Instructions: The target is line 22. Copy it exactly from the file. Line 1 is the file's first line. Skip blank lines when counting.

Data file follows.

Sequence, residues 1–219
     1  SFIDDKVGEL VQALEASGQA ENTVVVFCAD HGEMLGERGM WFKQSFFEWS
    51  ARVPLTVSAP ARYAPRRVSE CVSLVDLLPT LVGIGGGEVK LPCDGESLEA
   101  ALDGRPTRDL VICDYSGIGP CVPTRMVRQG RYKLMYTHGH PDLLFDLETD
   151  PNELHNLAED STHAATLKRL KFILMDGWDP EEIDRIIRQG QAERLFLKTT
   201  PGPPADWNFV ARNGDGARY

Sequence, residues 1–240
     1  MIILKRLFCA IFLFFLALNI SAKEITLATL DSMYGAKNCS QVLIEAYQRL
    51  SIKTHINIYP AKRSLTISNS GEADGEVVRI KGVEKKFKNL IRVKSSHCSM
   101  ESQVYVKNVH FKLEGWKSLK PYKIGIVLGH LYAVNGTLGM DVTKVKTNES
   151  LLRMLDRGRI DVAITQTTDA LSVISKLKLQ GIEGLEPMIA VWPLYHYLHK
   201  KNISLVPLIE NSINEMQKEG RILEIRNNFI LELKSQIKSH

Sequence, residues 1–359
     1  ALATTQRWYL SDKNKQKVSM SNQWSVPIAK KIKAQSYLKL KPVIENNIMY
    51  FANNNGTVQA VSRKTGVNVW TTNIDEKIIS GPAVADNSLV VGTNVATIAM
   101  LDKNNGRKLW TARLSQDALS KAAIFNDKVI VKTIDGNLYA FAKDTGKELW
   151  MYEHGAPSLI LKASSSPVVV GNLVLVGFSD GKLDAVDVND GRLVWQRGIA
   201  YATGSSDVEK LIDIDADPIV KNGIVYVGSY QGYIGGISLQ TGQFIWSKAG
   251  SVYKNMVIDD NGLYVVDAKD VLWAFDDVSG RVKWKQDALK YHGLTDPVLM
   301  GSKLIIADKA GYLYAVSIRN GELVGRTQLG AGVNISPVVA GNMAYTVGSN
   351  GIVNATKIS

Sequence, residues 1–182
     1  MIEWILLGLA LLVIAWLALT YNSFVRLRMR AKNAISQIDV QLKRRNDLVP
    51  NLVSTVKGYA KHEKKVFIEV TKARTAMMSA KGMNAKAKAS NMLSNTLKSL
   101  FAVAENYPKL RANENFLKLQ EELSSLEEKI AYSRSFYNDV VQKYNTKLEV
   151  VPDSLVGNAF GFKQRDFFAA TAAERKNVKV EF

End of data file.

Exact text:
Sequence, residues 1–182